My wife and I bought a beater in Blue Mountain Lake in the mid-1990s, and we did a lot of the rehab work ourselves (and, unfortunately, it shows). Today, the fixer-up/beater housing stock is now far less available for working families because there’s fewer of them around, and the beaters that are available are drawing high prices. Paying $250,000 or more for a beater doesn’t add up for most working folks in the Adirondacks.
As mentioned above, one common denominator in the housing challenge is available funding for affordable/low income/work force housing projects. It’s clear that more money is needed to fund the good works of housing advocates and non-profits across the Adirondacks. It’s also clear to me as somebody who has long lobbied in Albany that state funding is often inconsistent and inadequate for Adirondack projects.
Perhaps one thing to look at is using the existing skewed Adirondack real estate marketplace and make it part of the solution.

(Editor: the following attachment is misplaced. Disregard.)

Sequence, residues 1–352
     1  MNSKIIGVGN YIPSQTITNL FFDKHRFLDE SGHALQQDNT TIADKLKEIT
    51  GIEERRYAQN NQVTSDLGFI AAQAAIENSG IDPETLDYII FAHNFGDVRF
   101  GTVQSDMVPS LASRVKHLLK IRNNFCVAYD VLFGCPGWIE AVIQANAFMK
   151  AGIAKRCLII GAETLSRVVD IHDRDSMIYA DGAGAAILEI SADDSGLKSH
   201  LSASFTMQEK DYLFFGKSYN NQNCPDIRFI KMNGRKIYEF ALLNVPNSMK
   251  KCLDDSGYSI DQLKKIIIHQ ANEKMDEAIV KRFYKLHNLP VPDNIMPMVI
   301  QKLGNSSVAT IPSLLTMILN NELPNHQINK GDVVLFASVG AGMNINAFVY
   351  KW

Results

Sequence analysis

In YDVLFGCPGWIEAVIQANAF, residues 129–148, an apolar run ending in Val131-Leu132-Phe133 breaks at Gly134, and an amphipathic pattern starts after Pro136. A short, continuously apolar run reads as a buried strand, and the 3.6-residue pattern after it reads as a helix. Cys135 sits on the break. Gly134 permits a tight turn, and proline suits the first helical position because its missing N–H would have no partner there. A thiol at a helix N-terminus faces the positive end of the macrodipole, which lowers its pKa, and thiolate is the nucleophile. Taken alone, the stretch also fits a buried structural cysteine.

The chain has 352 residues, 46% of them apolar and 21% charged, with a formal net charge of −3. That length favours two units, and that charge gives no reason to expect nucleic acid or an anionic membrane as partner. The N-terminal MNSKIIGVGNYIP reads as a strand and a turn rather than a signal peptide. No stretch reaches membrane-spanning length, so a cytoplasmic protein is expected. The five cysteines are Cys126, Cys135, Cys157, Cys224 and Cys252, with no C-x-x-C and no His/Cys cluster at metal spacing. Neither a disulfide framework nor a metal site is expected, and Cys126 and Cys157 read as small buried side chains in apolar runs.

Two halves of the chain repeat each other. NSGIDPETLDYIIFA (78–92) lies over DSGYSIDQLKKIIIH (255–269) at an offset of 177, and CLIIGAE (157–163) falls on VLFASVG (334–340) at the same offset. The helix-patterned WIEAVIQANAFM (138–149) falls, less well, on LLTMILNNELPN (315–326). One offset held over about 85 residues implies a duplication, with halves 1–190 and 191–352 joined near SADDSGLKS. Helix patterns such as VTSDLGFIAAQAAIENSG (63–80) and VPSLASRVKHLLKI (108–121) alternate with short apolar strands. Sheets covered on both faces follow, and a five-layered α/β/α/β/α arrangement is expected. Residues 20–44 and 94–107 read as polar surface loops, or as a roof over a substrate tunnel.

Other communities place a surcharge on residential property sales for non-resident purchases. Currently, the State of New York has a Real Estate Transfer Tax. The tax is computed at a rate of two dollars for each $500 paid for the residence. For homes that sell for $1 million or more, an additional transfer tax of 1% of the sale price is imposed (the so-called “mansion tax”). The seller is generally responsible for the tax. Nantucket Island, which has struggled with intense housing challenges, where local families cannot compete with the vacation home market, funds an aggressive affordable housing program through a surcharge on its Real Estate Transfer Tax. The Adirondack Park could do the same. A surcharge on non-owner-occupied residential property sales could be one way to generate useful and sustainable funding.
Across the Adirondacks, many counties also manage an Occupancy Tax, or bed tax, on motels and hotels and Airbnb and other short-term rentals. This is not uniform across the Adirondacks, but it could be. Bed Taxes have also been used to fund affordable/low income/work force housing programs elsewhere in the U.S. and that too could be done in the Adirondacks. A surcharge on lodging and short-term rentals could help to generate funds for an Adirondack housing program.